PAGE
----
How mobile technology can improve the health behaviors of everyday people is the focus of a two-day conference at Stanford University that kicks off on Sunday.
Mobile Health 2010 is the brainchild of B.J. Fogg, director of the Stanford Persuasive Technology Lab. The purpose of the conference, which runs through Tuesday, is to get people together to "foster conversation and relationships that will lead to important collaborations," said Fogg.
The event is bringing more than 100 government agencies, healthcare providers and wireless carriers together to collaborate on short message service (SMS) campaigns. Conference attendees will be discussing the role of mobile technology in providing timely healthcare information on issues such as sexually transmitted and chronic diseases, and during emergency situations and healthcare epidemics.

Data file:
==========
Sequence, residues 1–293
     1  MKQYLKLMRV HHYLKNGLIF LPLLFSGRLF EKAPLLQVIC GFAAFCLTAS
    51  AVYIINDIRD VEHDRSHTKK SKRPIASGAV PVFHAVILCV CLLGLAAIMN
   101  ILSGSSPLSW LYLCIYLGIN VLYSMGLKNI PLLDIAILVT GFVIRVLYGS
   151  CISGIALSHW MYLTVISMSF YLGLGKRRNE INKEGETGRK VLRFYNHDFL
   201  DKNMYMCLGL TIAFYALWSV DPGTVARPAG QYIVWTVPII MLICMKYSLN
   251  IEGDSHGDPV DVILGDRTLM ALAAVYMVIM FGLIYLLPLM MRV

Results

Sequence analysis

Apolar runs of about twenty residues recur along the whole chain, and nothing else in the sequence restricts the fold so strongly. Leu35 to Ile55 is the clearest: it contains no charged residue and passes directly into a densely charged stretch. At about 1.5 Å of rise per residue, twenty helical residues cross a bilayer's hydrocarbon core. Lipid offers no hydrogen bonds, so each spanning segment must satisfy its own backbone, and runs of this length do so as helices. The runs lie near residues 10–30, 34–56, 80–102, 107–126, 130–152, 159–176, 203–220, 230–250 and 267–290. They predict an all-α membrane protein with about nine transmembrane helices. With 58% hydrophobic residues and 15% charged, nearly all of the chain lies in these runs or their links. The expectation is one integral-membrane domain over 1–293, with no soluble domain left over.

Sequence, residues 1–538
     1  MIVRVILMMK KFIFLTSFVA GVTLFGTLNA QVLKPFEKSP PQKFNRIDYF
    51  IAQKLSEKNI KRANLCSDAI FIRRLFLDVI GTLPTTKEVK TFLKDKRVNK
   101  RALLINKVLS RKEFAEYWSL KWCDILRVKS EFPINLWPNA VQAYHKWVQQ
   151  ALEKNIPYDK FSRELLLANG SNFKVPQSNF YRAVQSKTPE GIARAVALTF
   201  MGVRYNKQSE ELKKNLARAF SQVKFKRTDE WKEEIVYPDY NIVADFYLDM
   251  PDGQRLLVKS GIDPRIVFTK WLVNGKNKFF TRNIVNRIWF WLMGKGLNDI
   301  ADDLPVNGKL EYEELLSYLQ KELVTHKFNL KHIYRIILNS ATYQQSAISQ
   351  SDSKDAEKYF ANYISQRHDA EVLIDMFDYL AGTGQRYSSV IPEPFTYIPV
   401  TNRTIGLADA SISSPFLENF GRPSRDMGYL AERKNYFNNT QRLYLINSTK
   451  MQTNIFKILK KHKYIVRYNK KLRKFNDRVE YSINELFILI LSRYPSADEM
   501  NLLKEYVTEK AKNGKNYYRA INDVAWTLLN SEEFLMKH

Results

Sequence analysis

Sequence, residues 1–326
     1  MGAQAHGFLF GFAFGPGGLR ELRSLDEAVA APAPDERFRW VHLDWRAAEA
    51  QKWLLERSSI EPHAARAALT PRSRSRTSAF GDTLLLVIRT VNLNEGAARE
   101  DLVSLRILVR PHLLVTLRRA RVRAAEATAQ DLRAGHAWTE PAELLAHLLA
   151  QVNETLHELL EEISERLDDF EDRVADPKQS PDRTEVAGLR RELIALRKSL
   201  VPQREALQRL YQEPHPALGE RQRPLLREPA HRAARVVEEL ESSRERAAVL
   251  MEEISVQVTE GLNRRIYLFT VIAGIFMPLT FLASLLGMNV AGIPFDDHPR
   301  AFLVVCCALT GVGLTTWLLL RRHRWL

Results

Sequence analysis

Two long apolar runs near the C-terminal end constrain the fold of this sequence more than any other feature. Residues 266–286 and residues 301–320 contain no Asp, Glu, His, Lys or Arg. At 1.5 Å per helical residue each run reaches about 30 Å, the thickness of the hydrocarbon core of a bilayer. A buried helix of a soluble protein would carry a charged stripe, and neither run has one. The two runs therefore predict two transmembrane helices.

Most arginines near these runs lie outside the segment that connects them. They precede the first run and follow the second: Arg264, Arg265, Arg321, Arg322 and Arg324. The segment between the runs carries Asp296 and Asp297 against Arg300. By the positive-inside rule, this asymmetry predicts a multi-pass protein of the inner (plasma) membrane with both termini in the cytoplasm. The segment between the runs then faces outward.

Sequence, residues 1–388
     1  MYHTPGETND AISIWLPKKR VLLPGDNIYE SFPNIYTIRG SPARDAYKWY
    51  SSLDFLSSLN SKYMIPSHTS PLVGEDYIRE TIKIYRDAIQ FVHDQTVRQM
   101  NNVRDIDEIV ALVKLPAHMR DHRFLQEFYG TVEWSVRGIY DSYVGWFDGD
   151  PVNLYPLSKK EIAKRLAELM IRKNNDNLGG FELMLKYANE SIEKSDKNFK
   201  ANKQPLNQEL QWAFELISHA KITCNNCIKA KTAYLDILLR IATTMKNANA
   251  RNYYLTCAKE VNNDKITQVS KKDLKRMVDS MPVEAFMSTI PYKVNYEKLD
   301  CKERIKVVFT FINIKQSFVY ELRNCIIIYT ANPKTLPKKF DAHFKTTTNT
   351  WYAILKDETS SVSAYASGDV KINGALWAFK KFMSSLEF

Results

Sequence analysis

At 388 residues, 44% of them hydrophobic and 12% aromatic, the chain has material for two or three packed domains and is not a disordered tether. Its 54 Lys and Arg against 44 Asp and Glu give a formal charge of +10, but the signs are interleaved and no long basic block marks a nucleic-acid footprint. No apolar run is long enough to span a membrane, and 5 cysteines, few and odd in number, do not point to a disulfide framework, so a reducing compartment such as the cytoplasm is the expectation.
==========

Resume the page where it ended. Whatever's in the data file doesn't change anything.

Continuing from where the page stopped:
Text4baby, which sends free health information directly to expectant and new moms' mobile phones, is an example of one of the programs that will be on the docket.
Fogg says the conference aims to bring together individuals who are in charge of the health of everyday people, innovators and vendors that create services for healthcare, and researchers and academics that are studying what is effective mobile behavior.
The event is single-track, says Fogg, and the talks are short, to allow for more Q&A after the panels and foster conversations during breaks.
"Texting has been overlooked for sexier technologies," said Fogg. "People are rushing ahead, but the purpose of the conference is to step back from those bright shiny objects and fancy stuff and look at what people actually have – cell phones."
The best part of the conference, he says, is that "everything we are talking about at the conference isn't futuristic. It's about what people can do immediately."
Registration for the event ends today.